A new type of energy community in Finland, North America’s first hydrogen train and the potential of photosynthesis for life support on the Moon and Mars are in the week’s technology radar.
A new type of energy community in Finland
“A new type of energy community” is what the Finnish energy distributor Caruna calls an initiative that has been launched with the Karelia University of Applied Sciences and electrification specialist North Karelian Sähkö in the southwestern city of Joensuu.
The pilot, which is expected to last two years, involves two student residences located apart with one fitted with solar panels but the energy generated shared between both to form a virtual energy community.
According to Caruna’s Innovation Manager Verneri Kohonen, the Joensuu pilot is aimed to ensure that market operators have the ability and tools to implement a virtual energy community with the existing infrastructure. At the same time, experience will be gained on how a virtual energy community serves customers.
“We want to encourage the acquisition of renewable energy sources and the growth of renewable production in order to achieve Finland’s climate goals,” he says.
Previously such an approach has not been possible as current legislation only allows energy communities for properties located at the same address and with the same electricity connection.
Such energy communities have been growing since the legislation was introduced in 2021 but the possibility of virtual energy communities with sites located at different addresses would open up their potential even further.
The student housing operator Joensuu Elli has 45 residential properties in Caruna’s electricity network, 14 of which have solar panels, and the ultimate aim in the pilot is to test the forming of all into a single energy community.
Board North America’s first hydrogen train in Quebec
The Quebec rail operator Réseau Charlevoix has launched North America’s first green hydrogen powered train and is currently taking bookings through to the end of September.
The two carriage Coradia iLint train from Alstom runs from Parc de la Chute Montmorency in Quebec City approximately 2 hours along the St Lawrence River to the city of Baie-St-Paul.
The Coradia iLint was introduced as the world’s first hydrogen train by Alstom in 2016 and went into first commercial service in Germany in 2018. Subsequently it has clocked up some 220,000km and orders for 41 trainsets in Europe.
The initiative, which has received support from the government of Quebec, was initiated by Alstom with the aim to better assess with the train in commercial operation the subsequent steps for the development of an ecosystem for hydrogen propulsion technology and its penetration into the North American market.
According to Alstom the Coradia iLint, with a top speed of 140km/h, has the acceleration and braking performance of a standard regional diesel train but without the noise and emissions. In September 2022 the train achieved a recorded distance of 1,175km without refuelling.
Photosynthesis for lunar and Martian life support
Photosynthesis is a well known biological process on Earth, essential for plant growth and carbon removal from the atmosphere, and also is emerging as an option for hydrogen production.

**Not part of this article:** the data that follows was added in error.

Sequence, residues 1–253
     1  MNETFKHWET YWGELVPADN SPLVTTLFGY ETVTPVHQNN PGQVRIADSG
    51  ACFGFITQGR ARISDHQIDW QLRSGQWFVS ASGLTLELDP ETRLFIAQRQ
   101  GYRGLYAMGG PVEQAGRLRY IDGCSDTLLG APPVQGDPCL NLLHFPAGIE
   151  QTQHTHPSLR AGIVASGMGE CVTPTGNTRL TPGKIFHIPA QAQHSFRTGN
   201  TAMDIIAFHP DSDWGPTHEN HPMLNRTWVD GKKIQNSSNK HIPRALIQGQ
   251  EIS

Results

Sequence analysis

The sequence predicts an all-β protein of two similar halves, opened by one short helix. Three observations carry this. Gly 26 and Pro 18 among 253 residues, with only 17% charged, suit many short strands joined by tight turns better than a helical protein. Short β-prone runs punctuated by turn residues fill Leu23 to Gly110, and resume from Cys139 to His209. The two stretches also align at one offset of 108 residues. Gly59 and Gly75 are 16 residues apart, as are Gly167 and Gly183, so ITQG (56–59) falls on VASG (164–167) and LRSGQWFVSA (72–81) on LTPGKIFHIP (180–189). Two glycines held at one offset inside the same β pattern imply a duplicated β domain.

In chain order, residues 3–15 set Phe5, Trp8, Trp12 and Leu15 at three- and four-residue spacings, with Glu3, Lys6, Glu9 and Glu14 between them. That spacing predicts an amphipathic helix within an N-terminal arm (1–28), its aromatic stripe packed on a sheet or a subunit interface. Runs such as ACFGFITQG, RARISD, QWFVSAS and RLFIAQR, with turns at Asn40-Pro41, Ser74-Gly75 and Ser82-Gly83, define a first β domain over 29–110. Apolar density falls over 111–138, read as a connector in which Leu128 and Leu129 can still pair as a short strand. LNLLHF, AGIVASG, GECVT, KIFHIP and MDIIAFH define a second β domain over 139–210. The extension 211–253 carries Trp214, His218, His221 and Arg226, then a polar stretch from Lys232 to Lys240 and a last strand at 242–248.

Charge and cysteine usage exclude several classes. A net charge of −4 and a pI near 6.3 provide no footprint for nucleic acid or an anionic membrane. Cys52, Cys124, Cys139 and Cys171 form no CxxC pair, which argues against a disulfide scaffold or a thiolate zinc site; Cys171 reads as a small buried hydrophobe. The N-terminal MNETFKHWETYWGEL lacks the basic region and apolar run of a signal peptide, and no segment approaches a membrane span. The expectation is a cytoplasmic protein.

Scientists are hoping to be able to use the same artificial photosynthesis approach in space with a range of possible uses in mind from powering rockets to complementing life support systems on the Moon and Mars.
In a recent paper in the journal Nature Communications, scientists from the University of Warwick and Ecole Polytechnique Fédérale de Lausanne have evaluated the performance of semiconductor based artificial intelligence systems in lunar and Martian conditions.
They find that tandem-junction photoabsorber cells are the most effective configurations for these environments when examining realistic long-term solar-to-chemical conversion efficiencies, whereas solar driven gas diffusion electrode devices are not able to reach their full potential.
In particular lunar photoelectric cell water splitting possesses a very high capability for hydrogen and oxygen production, although for Mars coupling to solar concentrators would be required due to the lower solar irradiance at its further distance.
Katharina Brinkert, of the University of Warwick’s Department of Chemistry, believes the technology could provide ample oxygen production and carbon dioxide recycling on both the Moon and Mars.
“Human space exploration faces the same challenges as the green energy transition on Earth: both require sustainable energy sources. With sunlight being so abundantly available in space, we have shown how this source could be used to harvest energy – much like plants back on Earth – for life support systems for long-term space travel.”
While the research has shown that the application of these devices could go beyond Earth and potentially contribute to the realisation of human space exploration, there are obviously many challenges and research to undertake before they become a reality, not least the ability to deploy them in those harsh environments.
For this a potential research environment is the terrestrial polar regions, where such devices have been demonstrated to work.